Mrs. Friborg facilitated a presentation by a panel of 7th graders, who shared their own impressions of school community. Each student talked about the importance of teachers care about and identify with their students. The students also appreciated opportunities for independence, creativity, and leadership. They talked about the size of a community, and how much they valued relationships with people from different areas of the school. One student commented with a smile, “you can’t get away without knowing each other here.”

The program ended with a final discussion led by Dr. Place and Mrs. Leana, who reviewed the presentations and identified common themes for participants to consider as they think about creating their own classroom and school communities.

We have planned a series of these one-day, theme-oriented programs this fall; during the next one (October 13) we will consider the relevance of foundational educational theories in a 21st century context. Our guest speakers bring wonderful expertise and perspective to our discussions: one is the interim Dean of the Lesley University School of Education, and the other is the CEO of an entrepreneurial consulting firm.

On November 10, we will discuss what it means to be "at risk" in a 21st century school. Panelists will include parents of children with special needs, children's services staff from a homeless shelter, and other educators dealing with risk and resilience in schools. On December 10, we will consider the wide range of educational options for children and families in a program entitled "All Kinds of Schools." Details about speakers are still in the works, but the program is coming together very well! We are looking forward to welcoming educators from other schools to these programs.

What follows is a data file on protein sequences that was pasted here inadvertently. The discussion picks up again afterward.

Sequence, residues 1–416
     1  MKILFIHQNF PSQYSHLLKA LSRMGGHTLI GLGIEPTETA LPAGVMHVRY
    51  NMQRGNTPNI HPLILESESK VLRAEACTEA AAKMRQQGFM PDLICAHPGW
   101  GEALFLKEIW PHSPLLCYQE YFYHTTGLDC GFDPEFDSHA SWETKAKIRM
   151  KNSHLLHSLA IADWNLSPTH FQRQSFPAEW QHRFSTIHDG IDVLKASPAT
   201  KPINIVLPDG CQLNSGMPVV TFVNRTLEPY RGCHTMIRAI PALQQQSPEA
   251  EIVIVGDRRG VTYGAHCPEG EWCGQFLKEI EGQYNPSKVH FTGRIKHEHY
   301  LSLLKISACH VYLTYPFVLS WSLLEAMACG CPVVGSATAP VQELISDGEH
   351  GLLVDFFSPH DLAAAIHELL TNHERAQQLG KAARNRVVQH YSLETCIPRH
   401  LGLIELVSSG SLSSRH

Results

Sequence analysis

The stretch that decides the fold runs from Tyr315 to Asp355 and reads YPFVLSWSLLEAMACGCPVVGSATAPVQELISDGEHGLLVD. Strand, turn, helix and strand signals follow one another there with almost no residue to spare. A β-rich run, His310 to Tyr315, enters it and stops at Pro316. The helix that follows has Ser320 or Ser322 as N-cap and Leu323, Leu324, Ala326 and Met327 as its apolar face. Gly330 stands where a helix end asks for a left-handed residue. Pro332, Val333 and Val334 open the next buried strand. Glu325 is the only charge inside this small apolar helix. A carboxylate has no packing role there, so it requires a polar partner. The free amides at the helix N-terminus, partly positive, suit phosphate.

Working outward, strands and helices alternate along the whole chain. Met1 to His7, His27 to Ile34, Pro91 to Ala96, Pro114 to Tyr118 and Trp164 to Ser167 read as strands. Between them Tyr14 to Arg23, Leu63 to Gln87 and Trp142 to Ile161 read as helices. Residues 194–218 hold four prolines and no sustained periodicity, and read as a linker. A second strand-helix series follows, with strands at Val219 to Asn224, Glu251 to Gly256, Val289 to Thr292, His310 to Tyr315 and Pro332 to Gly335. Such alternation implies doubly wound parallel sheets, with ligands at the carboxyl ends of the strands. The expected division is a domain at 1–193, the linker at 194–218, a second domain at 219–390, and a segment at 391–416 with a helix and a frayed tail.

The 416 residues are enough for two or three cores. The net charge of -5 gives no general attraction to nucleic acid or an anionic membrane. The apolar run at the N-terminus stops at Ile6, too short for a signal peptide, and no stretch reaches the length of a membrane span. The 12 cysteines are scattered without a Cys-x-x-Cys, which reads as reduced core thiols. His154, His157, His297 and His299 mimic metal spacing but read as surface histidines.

Thursday, September 17, 2009

Global Positioning

This week I've been thinking about the many meanings of "distance," both as a measurement of length and as a means of separating events in time. I am fascinated by the ways children envision both space and time; which places seem like a long way from here, or which events feel far away in time. We need to be mindful of the students' developing sense of these measurements, and this awareness leads me once again to the power of narrative and storytelling in helping learners find "anchor points" for their expanding knowledge of time and place. There were some exciting activities in the middle school this week that helped illustrate this idea...

The next time you are outside, pause for a moment and take a look around. In your mind, construct a picture of your location 1.8 million years ago. What plants or animals might you see? What type of climate would you experience? What landscape details would you notice? What features would orient you to the place where you are standing?